The costs of renewable energy are rarely compared with their benefits. REA’s own analysis shows that the sector, which currently supports 110,000 jobs and has a turnover of £12.5 billion, could support 400,000 jobs by 2020. The benefits of domestic energy security also need to be included in cost benefit analyses of renewable energy.
Concern over details of the Energy Bill
While the commitment of the necessary budget is welcome the sector urgently requires policy clarity in order to be able to invest. Today's announcement confirms that Government will be the counterparty to the new Contract-for-Difference regime - a key measure called for by the REA and warmly welcomed today.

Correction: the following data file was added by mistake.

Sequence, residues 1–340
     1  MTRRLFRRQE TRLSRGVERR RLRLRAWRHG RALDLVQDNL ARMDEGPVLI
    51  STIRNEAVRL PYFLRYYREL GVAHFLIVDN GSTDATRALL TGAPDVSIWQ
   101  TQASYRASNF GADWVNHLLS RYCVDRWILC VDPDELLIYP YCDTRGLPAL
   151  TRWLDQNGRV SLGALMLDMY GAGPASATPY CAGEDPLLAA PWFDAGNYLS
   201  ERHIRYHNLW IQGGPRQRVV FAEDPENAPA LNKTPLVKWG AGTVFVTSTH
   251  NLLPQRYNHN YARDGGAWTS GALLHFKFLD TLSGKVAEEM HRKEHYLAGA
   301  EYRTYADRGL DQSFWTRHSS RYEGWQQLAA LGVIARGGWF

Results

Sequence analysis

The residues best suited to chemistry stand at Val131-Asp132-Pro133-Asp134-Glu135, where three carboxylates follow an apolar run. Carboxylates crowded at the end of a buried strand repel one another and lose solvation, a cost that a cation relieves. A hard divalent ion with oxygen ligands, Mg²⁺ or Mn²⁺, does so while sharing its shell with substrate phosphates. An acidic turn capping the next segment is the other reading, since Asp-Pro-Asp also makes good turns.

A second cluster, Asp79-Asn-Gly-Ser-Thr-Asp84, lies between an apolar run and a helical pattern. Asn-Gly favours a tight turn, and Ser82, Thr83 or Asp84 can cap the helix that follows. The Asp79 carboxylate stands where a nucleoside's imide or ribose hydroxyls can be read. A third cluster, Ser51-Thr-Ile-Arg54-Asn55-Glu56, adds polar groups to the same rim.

However, the REA is particularly concerned about generators’ ability to sell their electricity under the new Electricity Market Reform (EMR) regime. In order to be financially viable under the new ‘Contracts for Difference’, generators must achieve the ‘reference price’ for their power sales. Evidence suggests this is unlikely to be achieved in the UK's illiquid power market. Unless the route to market is clear and assured, it will be difficult to see how projects can proceed and access the funds the Government has made available today.
Gaynor Hartnell said:
“It is essential that there are enabling powers in the Energy Bill for a solution which guarantees renewables generators can sell their power at the reference price and that the details are worked up in order that a mechanism can be implemented if, as we anticipate, it proves necessary.